Mustonen plays chamber music and has recently created the Art Jazz Quartet, which includes guitarist Jaak Sooaar, double-bass player Taavo Remmel and percussionist Tanel Ruben; he will perform with the quartet at next week’s festival.
Mustonen may not be an Israeli citizen but he certainly chalks up significant working hours in this part of the world, and has become a familiar figure at all sorts of musical events here, including the annual Chamber Music Festival in Eilat.
That, naturally, creates a generous comfort zone for his freewheeling professional endeavor here.
“I am very happy to have the Jerusalem Symphony Orchestra in the festival, because we just finished the Liturgical Festival and I had a very good connection with the orchestra.
The orchestra very much enjoyed my free conducting. I am not an academic conductor; I am a musician, and the orchestra and I are like friends. I am not like the boss of the orchestra, we are all one family. They played 100 times better with that spirit.”
That convivial approach will be evident through the proceedings at Hatahana next week. Mustonen’s jazzy take on Bach’s oeuvre is not exactly revolutionary – many jazz artists relate to the 18th-century composer as the pioneer of the improvisational art form – and that will come across loud and clear on the second day of the festival, in the Power of Jazz concert. In it, internationally celebrated Israeli jazz pianist Anat Fort joins forces with the Art Jazz Quartet, fellow pianist Itamar Carmeli, and a trio led by conductor-pianist Yaron Gottfried, who also spreads his considerable talents across a range of disciplines, including chamber music and jazz.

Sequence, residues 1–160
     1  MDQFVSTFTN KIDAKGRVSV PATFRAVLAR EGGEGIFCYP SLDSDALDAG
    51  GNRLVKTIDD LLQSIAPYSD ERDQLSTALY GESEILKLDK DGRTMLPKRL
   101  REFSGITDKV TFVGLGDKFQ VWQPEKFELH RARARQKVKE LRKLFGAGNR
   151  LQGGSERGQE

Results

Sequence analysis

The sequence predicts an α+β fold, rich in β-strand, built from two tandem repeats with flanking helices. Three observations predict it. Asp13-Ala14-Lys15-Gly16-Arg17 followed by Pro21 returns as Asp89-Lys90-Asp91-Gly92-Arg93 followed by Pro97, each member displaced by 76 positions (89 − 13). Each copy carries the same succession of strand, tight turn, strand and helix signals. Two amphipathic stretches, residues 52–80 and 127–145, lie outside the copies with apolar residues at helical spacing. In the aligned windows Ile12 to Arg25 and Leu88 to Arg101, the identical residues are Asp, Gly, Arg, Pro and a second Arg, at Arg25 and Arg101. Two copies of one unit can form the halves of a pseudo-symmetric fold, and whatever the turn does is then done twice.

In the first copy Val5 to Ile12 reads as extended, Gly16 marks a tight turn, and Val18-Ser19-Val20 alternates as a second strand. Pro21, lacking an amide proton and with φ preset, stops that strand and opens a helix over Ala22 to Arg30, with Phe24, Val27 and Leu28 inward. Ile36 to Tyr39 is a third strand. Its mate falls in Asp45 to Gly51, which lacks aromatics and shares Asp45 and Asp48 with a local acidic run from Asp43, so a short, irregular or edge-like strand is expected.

True to his fundamentally nonstuffy approach to music, Mustonen has also lined up an event for all the family, and anyone of any age who would like to get off their comfy auditorium seat and shake a leg. The proactive slot goes by the self-explanatory name of And Now We Dance!, and will take place on February 22 at 11:30 a.m.
The musical backdrop to the boogying will be provided by Mustonen and his Hortus Musicus troupe, who will play an eclectic repertoire of material that will stretch – as the website notes – “from Baroque to rock.” Mustonen’s ensemble will be complemented by the Israeli String Quartet, and the Suzanne Dellal dancers will also be on hand – or foot – to set the pace.
Elsewhere in the festival program, the Art Jazz Quartet will collaborate with multi-reed player Yoram Lachish in the Nordic Dream of traditional music from that part of the world, delivered in a far more contemporary fashion and, on February 23, fans of madrigals can get plenty of that at the Bel Canto concert.
The festival winds up on February 24 in suitably expansive style, with the Universal Harmony concert that takes in a highly cosmopolitan stretch of music from such countries as India, Egypt, Estonia, Turkey and the Balkan states, as well as songs in Hebrew, Arabic, Yiddish, Ladino and English.
For tickets and more information: *9066, and